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latest to join this list were Belarus, Iran, Kenya, Malaysia and Zambia. The most significant increase in the percentage of voluntary nonremunerated blood donations during the period was reported by Bulgaria (from 21% in 2007 to 94% in 2008), followed by Afghanistan (from 15% to 88%), Belarus (from 56% to 99.9), Algeria (from 23% to 63%) and Costa Rica (from 29% to 63%). Nowadays despite the priority of voluntary non-remunerated donations (9-11), the system of family/replacement and paid blood donations still continues in many countries (5, 6), because they are not able to fulfill their demand for blood without it. Forty countries have reported collecting less than 25% of the blood supply from voluntary non-remunerated blood donors (34). In Kazakhstan, from 2000 to 2007, the percentage of non-remunerated blood donations was on the level of 96-97%, beginning 2008 this indicator decreased to 77.9% in 2011 (Fig. 1). The percentage of non-remunerated blood donors also decreased from 97.9% (2000) to 87.7% (2011). The proportion of paid donation increased from 2.4% (2000) to 22.1% (2011) and came close to indicators of the middle income countries (27%), while in highincome countries it equals 0.3% (34). Considering the total number of blood donations regionally, the lowest annual rates per 1,000 population over the study period were found in South Kazakhstan (10.5) and Almaty (8.6) regions, the highest in the capital Astana (47.0). Despite an overall negative growth rate of blood donations over the country in Aktobe, Zhambyl and West Kazakhstan regions the growth rate had a positive trend. The highest annual rates of plasma donations were found in the major cities Almaty (8.6) and Astana (6.5), and Kostanay region (8.3), the lowest in Almaty (0.5) and Atyrau (0.3) regions (Fig. 3, 4). There is no obvious explanation for the variation in donation rate. One of the factors might be geographical location. In Kazakhstan, the population is spread out over a huge area, so in the remote regions the donor activity is lower in contrast to the big cities, where a large number of people live and demand for health care and concentration of medical institutions is relatively high.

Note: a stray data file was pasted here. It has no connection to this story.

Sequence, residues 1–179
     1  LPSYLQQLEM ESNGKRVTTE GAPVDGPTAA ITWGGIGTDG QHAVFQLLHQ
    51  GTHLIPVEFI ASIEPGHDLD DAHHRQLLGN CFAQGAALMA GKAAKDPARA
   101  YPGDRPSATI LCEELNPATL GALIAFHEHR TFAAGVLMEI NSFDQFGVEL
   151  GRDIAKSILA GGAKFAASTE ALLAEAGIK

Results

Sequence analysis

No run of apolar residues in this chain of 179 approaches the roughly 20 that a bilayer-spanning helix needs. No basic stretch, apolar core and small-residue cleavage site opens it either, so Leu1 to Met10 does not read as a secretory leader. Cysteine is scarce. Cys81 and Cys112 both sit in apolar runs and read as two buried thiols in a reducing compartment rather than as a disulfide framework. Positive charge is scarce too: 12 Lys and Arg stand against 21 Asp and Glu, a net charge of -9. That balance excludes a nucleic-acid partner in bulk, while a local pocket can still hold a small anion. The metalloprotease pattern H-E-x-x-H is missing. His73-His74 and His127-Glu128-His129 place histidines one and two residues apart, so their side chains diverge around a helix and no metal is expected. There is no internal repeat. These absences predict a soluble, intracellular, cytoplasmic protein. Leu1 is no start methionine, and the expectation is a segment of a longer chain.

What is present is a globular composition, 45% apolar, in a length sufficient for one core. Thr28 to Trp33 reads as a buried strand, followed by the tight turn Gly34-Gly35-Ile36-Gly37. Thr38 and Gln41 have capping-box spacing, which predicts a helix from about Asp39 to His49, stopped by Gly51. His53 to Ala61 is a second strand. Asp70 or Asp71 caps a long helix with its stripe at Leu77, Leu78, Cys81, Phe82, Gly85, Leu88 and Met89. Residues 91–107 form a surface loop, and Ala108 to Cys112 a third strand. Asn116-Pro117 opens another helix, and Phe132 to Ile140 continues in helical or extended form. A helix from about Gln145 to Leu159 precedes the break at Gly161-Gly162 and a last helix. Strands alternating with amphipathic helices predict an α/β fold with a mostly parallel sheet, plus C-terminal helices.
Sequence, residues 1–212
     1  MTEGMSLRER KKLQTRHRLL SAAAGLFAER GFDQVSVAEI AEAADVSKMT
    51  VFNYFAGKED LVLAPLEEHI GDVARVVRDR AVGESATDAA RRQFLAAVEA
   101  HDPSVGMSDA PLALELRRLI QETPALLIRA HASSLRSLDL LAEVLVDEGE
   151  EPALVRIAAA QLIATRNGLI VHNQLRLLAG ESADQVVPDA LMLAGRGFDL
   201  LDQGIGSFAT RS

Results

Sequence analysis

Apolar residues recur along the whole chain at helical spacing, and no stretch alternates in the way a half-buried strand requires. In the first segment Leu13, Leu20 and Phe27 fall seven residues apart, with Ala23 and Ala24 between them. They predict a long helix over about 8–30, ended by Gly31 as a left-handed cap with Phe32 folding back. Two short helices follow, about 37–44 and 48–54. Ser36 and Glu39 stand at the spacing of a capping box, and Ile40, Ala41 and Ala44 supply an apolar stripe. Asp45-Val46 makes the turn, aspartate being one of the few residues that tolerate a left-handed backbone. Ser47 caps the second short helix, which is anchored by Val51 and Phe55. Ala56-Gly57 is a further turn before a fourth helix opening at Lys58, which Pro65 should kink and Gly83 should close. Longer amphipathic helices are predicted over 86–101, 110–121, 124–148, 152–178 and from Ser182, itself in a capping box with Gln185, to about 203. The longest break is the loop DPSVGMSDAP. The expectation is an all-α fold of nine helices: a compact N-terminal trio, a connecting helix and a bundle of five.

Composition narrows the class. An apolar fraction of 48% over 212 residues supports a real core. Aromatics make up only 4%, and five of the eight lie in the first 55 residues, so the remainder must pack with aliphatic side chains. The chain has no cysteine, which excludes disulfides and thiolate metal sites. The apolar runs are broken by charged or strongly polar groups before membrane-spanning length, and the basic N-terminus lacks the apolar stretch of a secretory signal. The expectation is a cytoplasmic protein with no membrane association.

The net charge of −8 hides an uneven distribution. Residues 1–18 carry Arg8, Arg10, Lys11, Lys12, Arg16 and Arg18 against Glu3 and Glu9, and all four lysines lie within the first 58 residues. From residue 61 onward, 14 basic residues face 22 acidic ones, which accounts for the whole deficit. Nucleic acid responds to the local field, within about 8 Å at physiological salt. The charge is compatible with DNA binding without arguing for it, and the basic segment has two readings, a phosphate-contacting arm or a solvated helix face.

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The assessment of blood donations profile during 2000-2011 has shown the decreasing tendency of blood donation, increase of plasma donations, shift of voluntary donation to paid, regional differences in blood and plasma donations, which need further detailed study taking into account the socioeconomic development, geographical location, demographical situation and health infrastructure of each region. Is it necessary to find a compromise that will allow implementing reasonable and successful policy of blood service and achieving the indicators of advanced countries, especially in nonremunerated donation?

Conclusion This epidemiological study provides a detailed information, including the regional characteristics on blood and plasma donations in Kazakhstan over 12 years period and can be used for further development of blood transfusion system paying attention to the socio-economic development, geographical location, demographical situation and health infrastructure of each region.

Ethical considerations Ethical issues (Including plagiarism, Informed Consent, misconduct, data fabrication and/or falsification, double publication and/or submission, redundancy, etc.) have been completely observed by the authors.

Competing interests The authors declare that there is no conflict of interests.